by Rosemary Ruffenach, 5/18/08 • While May brings thoughts of romance, garden improvements, new fishing gear, or surcease of the primary campaign season to most Minnesotans, for me this year it means the yearbook advising assignment. Now, until recently, I hadn’t paid much heed to these trophies. Back in high school, I made sure my senior photo displayed me to proper advantage and that I was pictured in at least one extra-curricular activity (journalism). I purchased a copy and stored it away; not even my own children have looked at it since. Continue Reading
by Rosemary Ruffenach, 2/18/08 • As coats made from the pelts of animals go, it probably wasn’t that expensive; it wasn’t mink , beaver, sable or even fox. Rather it came from the sacrifice of brown rabbits, their pelts subsequently dyed black. I inherited it from an aunt three years ago, and until this winter, had only worn it for Christmas Eve service. Even wearing it once a year had elicited protests from my daughter, though she couldn’t threaten not to be seen with me on Christmas—that would be carrying PC too far.
ByRosemary Ruffenach, February 2008 • Rosemary Writes |
By Rosemary Ruffenach, February 2008 • Rosemary Writes • The lure of a fresh snowfall and reasonable temperatures was irresistible—finally. I hauled out my cross-country skis and began waxing. The last two winters had brought so little snow that my skis had been relegated to a dark corner of the basement to gather cobwebs. With Christmas festivities, work obligations and temps in the polar wax range (white), they remained sulking in the corner this season until that last Saturday in January.
It was one of the best sermons I ever sat through—and counting myself as a ‘regular church-goer’, I’ve sat through a lot, most not memorable.
Looking out at the blowy snow on Sunday morning, I was tempted to just skip the service. But then I reminded myself that it was the fourth Sunday in Advent, and Advent is my favorite liturgical season. For me it’s all about Mary, maternity, and waiting.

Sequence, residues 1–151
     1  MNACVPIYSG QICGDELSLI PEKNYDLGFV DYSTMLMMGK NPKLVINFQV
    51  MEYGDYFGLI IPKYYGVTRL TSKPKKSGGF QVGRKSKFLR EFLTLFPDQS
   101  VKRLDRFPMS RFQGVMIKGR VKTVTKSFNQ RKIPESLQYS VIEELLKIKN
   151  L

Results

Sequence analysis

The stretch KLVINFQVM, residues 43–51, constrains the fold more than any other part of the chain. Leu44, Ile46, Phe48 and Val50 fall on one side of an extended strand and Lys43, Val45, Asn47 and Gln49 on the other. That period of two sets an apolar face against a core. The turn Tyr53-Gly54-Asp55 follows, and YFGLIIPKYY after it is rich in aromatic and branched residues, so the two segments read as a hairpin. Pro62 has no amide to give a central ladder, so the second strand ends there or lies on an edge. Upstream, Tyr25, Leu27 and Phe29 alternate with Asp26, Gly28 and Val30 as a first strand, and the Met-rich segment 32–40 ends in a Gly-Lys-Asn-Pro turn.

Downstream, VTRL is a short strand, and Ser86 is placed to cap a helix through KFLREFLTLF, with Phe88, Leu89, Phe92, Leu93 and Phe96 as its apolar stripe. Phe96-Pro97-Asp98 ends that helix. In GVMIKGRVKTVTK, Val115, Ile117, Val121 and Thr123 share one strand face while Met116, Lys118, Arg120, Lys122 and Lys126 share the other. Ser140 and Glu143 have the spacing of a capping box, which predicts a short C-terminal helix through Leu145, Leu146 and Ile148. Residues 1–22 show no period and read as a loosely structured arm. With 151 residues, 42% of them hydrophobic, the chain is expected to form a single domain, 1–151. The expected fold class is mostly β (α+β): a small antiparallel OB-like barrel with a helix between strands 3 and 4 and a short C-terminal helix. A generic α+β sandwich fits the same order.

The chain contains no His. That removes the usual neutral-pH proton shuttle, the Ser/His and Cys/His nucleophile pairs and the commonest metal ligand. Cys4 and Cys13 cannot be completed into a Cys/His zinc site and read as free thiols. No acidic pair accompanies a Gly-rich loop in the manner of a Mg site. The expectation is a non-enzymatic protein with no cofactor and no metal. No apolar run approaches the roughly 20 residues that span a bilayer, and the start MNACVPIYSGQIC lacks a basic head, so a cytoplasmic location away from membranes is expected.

The November 19, 2007 edition of Newsweek commemorates the year 1968: “The Year that Changed Everything.” In one piece, Evan Thomas narrates “the worst week” of that lacerating year. It began on Sunday, March 31, when Martin Luther King told a packed crowd at the National Cathedral that building gigantic buildings kissing the skies was not enough. The God of history required more: “I was hungry and ye fed me not. I was naked and ye clothed me not…”
My kids think I’m nuts on the subject of genealogy. They can’t imagine why I spend so much time doing family history research, never mind the money spent visiting Ireland and Austria and who knows how many future locales. I tell them that some day they will appreciate my quest for roots. They’re dubious.
“Why are we reading this?” demanded Eric. “Why are you asking?” I was tempted to retort. It was hardly as if he had more pressing demands on his time. Reminding myself that patience was the day’s watchword, I resisted an “I’m the teacher, that’s why!” retort. Instead I explained that during this week we were commemorating a very important event in our nation’s civil rights history: the fiftieth anniversary of the Little Rock Nine’s integration of Central High School.
As kids we used to jump rope on the school playground chanting, “First grade babies/ Second grade tots/ Third grade angels/ Fourth grade snots.” I couldn’t wait to become one of those snots. It sounded so, well, teenagie. I was thinking a lot about fourth grade after this week’s all-district school staff meeting. Usually they are ho-hum affairs. Continue Reading